How does stress harm both the body and the mind?
For many years now, medical doctors have been warning people of the dangers of poor stress management.
Many people still believe that stress doesn't affect the body and it's "just a state of mind." What the majority of stressed individuals do not know is that the body's natural stress response is mainly a physiological event.
This means that the effects of stress have never been limited to our minds. When a person is stressed, the whole body experiences it, too. So the idea that stress is essentially harmless because it's somehow limited to our imagination is actually a dangerous belief.
Why? Because a person who experiences chronic stress for many, many years has a much higher risk of making health conditions such as high blood pressure worse. So if you want to be physically healthier, you have to understand how stress actually affects the body.
How does stress come about?
The modern stress model gives us a simple and clear explanation of how physiological stress is roused:
1st Phase: Mental and Emotional Triggers are Engaged. A person perceives an event, situation, action or idea as negative and stressful.
2nd Phase: Psychological Stress Engaged. If a person does not release their emotions and negative thinking, the present situation causes psychological stress.
3rd Phase: Physiological Stress or "Fight or Flight" Response. Unmitigated psychological stress often leads to actual, physiological stress.
When the instinctual "fight or flight" response comes into play, a person feels an immediate surge of adrenaline, which temporarily increases a person's speed, strength and stamina.
A person's breathing rate and pulse rate also increase in preparation for sudden, intense physical activity (e.g. running away from a real, physical danger).
Stress normally abates when the perceived threat or danger finally passes. Thousands of years ago, the instinctual "fight or flight" response was extremely useful for our hunter-gatherer ancestors as they had to battle wild animals, and each other, in pre-modern society.
Scientists believe that the stress adaptation came about because our ancestors were almost always exposed to threatening or dangerous situations.
What are the signs that a person is experiencing stress?
Below are some common physical symptoms that a person is experiencing stress:
- Inexplicable exhaustion or fatigue
- Acute headaches that have a tendency to disrupt work or chores at home
- Shallow chest breathing
- Increased heart rate even when the person is not performing strenuous or challenging physical activities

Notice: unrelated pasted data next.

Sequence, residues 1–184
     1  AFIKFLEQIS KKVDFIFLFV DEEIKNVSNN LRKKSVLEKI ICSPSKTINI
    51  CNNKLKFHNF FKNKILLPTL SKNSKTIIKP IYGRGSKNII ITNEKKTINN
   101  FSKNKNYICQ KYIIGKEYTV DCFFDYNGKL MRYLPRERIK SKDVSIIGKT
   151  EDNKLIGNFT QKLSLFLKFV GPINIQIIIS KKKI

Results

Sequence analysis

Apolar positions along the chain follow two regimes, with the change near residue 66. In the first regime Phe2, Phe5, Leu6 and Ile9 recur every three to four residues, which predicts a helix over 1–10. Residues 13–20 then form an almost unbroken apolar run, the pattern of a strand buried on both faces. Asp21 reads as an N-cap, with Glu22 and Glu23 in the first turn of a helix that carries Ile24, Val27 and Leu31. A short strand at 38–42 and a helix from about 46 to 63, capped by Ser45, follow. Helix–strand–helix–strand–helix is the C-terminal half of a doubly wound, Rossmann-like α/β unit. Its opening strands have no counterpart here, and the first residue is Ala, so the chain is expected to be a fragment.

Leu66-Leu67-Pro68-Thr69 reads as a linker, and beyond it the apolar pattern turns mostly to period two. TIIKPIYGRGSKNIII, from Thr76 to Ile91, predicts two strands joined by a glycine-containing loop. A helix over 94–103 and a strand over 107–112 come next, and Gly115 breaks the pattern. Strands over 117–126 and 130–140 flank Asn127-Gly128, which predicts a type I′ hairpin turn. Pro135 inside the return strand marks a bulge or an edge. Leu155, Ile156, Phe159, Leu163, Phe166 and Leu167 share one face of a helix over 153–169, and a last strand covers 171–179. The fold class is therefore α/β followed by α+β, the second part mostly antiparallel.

- Minor muscular pain
- Facial tics
- Hand and arm tremors
- A general feeling of nervousness and anxiety
- Inexplicable perspiring of the hands and feet
- Turning to different substances such as caffeine, alcohol, nicotine and even recreational drugs
The list of symptoms doesn't stop there. Here is a breakdown of the mental symptoms associated with moderate to extreme stress:
- Short temper
- Feeling angry all the time
- Inexplicable mood swings
- Feeling of isolation and helplessness
- Short term memory problems
- General decrease in work productivity
- Lowered sexual desire
- Distracted thinking
The psychological signs of stress often manifest when a person has been under stress for a long period of time. These signs come about because the mind is trying to escape the stressful situation however it can.
This is one of the main reasons why stressed individuals are often less productive in the office.
Their minds are so sick of the prolonged stress response that their own thought patterns are preventing them from focusing on the things they have to do.
The same thing happens to university students who are overwhelmed with the nature and volume of work they have to complete to pass different course subjects.
How severe are stress-related symptoms in the general population?
In the United States alone, it is estimated that 90% of all physician visits are associated with symptoms related to chronic stress. It has also been estimated that on a monthly basis, 400 million people take medication to ease these symptoms.
Of course, we know now that medicating a stress-related symptom is a futile effort because you're not addressing the main cause of the symptom - you're just padding the symptom itself.
Now, it should be noted that the symptoms we discussed earlier may also be genuine signs of other health conditions (and not just stress). Consulting with your physician is still your best option if you experience symptoms such as racing heart rate or persistent headaches.